A Heritage of Loving Service: The Sisters of St. Joseph of Carondelet in Tucson
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Heritage: The Story of St. Mary's Hospital, 1880-1980
By Leo G. Bryne and Sister Alberta Cammack, C.S.J

Chapter II Modern Medical Complex
Joint Health Planning


As with the Joint Hospital Drive, Tucson continued to meet health needs through community planning. In the early sixties, administrative officials from different hospitals together with the Pima County Medical Society and the Board of Supervisors wrestled with the problem of County patients. For years Tucson Medical Center and St. Mary's had cared for indigent obstetrical patients. Dr. O'Hare, on the Board of Governors for Pima County Hospital, proposed that the two private hospitals also care for all the acutely ill indigent, leaving the County Hospital to minister to the health needs of the chronically ill, the tubercular, the psychiatric, and the convalescent patients. The added expense of having County patients in the private hospitals was not acceptable to the Supervisors, They also felt that the closing of the clinic and surgery at the County Hospital and changing it from general care to long-term care was unreasonable. They agreed however, to establish 10 teaching beds each at St. Mary's and Tucson Medical Center to be used for indigents. They also agreed to add three more full-time doctors to the County Hospital staff to ease the burden of the voluntary attending physicians. Supervisor Pete Rubi also proposed that a hospital planning committee be formed to study long-term solutions to health needs. Such a committee was not formed at this time, but it became apparent to concerned community leaders and businessmen of the Tucson Community Council that some sort of coordination and planning was necessary. In 1963, the Hospital Planning Council for Greater Tucson was brought into being. In 1964, this Council authorized a special study of existing health facilities: to establish the needs of the community for a 10-year period; to compare needs with current plans for expansion and development of hospital and medical facilities, and to provide criteria to evaluate plans as they were formulated and received by the Board.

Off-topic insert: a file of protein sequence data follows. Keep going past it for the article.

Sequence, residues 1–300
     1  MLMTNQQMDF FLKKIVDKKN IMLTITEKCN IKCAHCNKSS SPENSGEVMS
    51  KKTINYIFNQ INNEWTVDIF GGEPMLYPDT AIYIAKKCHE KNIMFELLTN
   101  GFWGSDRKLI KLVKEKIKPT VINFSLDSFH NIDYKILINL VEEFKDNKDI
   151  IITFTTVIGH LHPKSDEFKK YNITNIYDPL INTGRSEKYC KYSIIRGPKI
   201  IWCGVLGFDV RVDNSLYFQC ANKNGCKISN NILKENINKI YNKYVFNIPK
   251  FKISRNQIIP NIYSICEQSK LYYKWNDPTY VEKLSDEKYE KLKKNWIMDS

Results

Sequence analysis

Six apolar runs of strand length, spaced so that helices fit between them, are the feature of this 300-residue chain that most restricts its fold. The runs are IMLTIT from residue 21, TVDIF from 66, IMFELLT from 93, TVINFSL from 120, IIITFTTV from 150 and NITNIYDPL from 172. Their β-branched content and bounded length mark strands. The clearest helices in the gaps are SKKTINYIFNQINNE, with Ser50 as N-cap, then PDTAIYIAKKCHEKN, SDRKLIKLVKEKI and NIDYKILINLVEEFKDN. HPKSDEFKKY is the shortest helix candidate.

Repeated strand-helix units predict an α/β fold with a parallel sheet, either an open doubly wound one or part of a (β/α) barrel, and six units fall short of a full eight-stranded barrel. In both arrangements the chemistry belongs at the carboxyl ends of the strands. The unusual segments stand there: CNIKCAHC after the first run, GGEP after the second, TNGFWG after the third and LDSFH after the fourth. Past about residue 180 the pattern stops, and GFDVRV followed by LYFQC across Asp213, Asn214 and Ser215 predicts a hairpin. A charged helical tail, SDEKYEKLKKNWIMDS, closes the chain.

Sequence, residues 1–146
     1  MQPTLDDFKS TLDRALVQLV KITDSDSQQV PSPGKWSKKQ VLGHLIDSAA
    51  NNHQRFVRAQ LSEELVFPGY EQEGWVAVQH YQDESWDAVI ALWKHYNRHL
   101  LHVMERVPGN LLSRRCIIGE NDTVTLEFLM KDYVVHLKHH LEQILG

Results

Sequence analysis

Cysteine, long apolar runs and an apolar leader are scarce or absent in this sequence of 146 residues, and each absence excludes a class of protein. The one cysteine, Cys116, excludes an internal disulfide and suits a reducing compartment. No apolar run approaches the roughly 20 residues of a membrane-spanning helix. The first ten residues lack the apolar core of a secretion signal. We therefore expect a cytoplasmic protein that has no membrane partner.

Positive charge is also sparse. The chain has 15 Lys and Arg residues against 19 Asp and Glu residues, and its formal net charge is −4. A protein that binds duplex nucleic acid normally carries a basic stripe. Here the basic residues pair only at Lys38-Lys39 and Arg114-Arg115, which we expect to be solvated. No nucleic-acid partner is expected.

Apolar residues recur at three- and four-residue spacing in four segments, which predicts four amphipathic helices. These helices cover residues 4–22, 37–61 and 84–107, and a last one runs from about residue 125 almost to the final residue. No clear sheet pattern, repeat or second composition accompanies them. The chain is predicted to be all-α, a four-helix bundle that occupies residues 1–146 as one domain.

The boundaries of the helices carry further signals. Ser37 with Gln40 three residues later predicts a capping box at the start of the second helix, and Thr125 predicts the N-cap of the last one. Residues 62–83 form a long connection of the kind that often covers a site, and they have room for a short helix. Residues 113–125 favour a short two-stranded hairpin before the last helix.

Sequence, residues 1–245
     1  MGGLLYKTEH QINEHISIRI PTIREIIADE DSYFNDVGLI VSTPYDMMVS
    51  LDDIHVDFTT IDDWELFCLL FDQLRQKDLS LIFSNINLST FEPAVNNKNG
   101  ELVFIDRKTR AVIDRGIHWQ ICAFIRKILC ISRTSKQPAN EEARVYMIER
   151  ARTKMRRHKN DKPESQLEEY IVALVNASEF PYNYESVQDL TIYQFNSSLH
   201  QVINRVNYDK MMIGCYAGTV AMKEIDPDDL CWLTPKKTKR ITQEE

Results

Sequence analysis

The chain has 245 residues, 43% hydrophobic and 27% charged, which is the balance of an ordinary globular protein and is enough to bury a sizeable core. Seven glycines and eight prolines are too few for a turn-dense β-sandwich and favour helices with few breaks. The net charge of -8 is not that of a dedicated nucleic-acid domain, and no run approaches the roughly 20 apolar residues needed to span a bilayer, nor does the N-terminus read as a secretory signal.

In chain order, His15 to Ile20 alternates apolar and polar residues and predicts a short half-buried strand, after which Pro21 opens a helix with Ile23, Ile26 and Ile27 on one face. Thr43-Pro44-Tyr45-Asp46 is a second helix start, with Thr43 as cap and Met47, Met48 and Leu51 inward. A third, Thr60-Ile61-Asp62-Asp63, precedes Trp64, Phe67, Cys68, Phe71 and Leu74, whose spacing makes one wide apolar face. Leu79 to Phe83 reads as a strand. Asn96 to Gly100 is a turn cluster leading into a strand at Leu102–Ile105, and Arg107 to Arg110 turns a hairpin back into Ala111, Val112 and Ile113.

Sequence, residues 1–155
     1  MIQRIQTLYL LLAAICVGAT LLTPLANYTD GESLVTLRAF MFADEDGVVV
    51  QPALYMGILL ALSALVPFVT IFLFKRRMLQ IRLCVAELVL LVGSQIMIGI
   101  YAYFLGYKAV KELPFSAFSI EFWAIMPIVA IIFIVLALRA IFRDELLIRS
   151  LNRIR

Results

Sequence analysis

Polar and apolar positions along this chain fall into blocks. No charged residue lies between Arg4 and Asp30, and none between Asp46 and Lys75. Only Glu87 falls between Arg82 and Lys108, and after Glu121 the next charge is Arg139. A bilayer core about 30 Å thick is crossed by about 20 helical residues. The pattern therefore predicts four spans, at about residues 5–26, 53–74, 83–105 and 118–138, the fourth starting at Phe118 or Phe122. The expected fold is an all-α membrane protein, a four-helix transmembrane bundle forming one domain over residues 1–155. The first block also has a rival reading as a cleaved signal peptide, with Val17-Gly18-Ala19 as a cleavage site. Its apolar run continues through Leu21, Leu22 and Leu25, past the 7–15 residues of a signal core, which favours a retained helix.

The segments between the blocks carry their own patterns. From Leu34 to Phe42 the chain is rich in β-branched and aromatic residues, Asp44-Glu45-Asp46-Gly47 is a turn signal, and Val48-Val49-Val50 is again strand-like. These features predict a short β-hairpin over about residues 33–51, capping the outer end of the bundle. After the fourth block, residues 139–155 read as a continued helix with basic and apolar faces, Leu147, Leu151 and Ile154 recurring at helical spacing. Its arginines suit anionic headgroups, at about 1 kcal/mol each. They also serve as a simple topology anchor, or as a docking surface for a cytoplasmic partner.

Continue with Chapter II Modern Medical Complex Critical Care

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